7. The Applicant also faulted the Minister for referring the dispute to the succession court without taking into account that the ex-parte Applicant was by virtue of the decision of the land adjudication officer Makueni the owner of part of Makueni/Kisekini/3623 and Makueni/Kisekini/702 as they were not part of the estate of Loise.
THE RESPONDENTS RESPONSE
8. The Hon Attorney general entered appearance for the 1st and 2nd Respondents. The Respondents opposed the application vide the grounds of opposition filed on the 5th of January 2021. The grounds are: -
a) That the application herein was filed out of the time of 6 months provided for under judicial review.
b) That the application is frivolous, vexatious and abuse of the court process.
c) That the application if granted will not serve any purpose.
d) That the Applicants have not demonstrated any right capable of being violated arising from the action of the decision of the minister.
THE INTERESTED PARTY’S RESPONSE
9. The interested party opposed the application vide a replying affidavit sworn on the 27th of January 2021 and averred that the application was frivolous, vexatious and a waste of the court’s time.
10. She further averred that the Ex parte Applicant filed Appeal Nos. 240 and 241 of 2017 so that she could remove the name of the deceased mother from the register and become the absolute owner of NO Makueni/Kisekini/3623.
11. The application was canvassed by way of written submissions. The Applicant’s written submissions were filed on the 21st of October 2021. It was argued that the Appeals before the minister were null and void abinitio as they proceeded in the absence of the 1st Respondent who was deceased. The Ex parte Applicant contends that the proceedings in the appeals offended the rules of natural justice and that it mattered not whether the decision arrived by the minister was correct if the procedure was wrong.
12. The Ex parte Applicant relied on the decision in the case of Pashito Holdings Limited & Another Vs Paul Nderitu Ndungu & 2 Others (1997) eKLR in support of their submissions.
13. The Respondents filed their written submission on the 30th September 2021. The Respondents argued that the application offended the provisions of order 53 of the civil Procedure Rules as read with Section 9(3) of the Law Reform Act as it was filed outside the six months’ statutory period. They further submitted that the ex parte Applicant had not sought leave to file the application herein out of time.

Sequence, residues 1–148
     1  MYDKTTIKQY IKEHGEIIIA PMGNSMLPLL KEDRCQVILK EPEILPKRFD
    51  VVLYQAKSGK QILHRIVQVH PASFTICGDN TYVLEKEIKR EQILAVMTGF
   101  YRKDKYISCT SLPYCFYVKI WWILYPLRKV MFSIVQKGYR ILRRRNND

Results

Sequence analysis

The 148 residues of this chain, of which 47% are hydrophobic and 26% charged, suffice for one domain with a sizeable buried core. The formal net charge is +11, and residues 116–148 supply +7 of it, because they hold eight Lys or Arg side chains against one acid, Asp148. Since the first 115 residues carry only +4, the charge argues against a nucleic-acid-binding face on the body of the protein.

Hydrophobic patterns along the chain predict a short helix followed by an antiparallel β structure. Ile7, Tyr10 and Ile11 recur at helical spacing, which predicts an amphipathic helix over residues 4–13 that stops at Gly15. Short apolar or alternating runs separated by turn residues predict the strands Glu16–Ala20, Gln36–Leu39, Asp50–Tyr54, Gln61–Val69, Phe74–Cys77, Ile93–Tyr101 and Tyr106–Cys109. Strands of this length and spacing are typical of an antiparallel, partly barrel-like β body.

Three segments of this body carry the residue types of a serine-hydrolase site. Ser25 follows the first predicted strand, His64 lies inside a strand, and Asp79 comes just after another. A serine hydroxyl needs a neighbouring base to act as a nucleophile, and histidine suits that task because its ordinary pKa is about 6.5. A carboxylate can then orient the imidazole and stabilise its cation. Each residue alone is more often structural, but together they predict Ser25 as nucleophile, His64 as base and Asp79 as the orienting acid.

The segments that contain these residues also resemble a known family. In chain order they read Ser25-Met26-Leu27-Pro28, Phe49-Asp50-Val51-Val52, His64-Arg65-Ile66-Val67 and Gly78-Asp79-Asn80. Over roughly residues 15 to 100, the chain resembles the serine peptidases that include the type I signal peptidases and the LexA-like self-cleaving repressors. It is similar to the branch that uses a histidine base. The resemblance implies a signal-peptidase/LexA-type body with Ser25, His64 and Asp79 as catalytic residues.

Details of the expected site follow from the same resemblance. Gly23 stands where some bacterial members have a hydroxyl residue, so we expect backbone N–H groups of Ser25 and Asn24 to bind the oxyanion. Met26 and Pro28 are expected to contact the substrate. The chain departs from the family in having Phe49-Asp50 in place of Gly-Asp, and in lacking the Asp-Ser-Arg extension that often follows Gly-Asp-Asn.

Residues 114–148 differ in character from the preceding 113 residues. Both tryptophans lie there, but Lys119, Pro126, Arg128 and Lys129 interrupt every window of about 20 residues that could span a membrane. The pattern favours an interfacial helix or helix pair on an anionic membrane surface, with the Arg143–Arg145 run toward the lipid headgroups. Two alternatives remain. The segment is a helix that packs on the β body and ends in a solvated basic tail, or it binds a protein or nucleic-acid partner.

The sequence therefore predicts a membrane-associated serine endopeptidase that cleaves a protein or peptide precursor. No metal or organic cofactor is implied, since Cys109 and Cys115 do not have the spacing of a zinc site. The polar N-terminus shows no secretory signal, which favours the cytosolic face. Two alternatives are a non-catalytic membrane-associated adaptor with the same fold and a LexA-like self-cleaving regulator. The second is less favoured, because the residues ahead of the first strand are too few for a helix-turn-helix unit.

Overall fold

14. The Respondents relied on the following decisions in support of their submissions:
1) Musa Tapem (Suing as the Administrator of the Estate of the late Danger Tabim) Vs Director of land adjudication and Settlement & Another (2202) Eklr;
2) Gilbert Hezekiah Miya Vs Advocates Disciplinary Committee (2015) eKLR.
3) Rosaline Tubei & 8 Others Vs Patrick K Cheruiyot & 3 Others (2014) eKLR;
4) Republic Vs The Minister for Lands & Settlement & Others Mombasa HCMCA No. 1091 of 2006;
5) Africa Oil Turkana Limited & 2 Others Vs Edward Kings Onyancha Maina & 2 others (2016) eKLR;
6) Republic Vs Mwangi Nguyai & 3 Others.
15. Through their submissions filed on the 27th of April 2021, interested party argued that when the Minister referred the matter to the succession court, he took into account all the relevant matters and that he was aware that Loise Waiu was deceased. She further submitted that the interests of that parties was not affected and thus the argument that Loise Waiu was condemned unheard was unfounded.
16. From the onset, it is important to set out the purpose of Judicial Review.
17. In the case of Pastoli Vs Kabale District And Others (2008) 2 E.A. 300 the court set out the duty of a court in Judicial Review applications as follows: -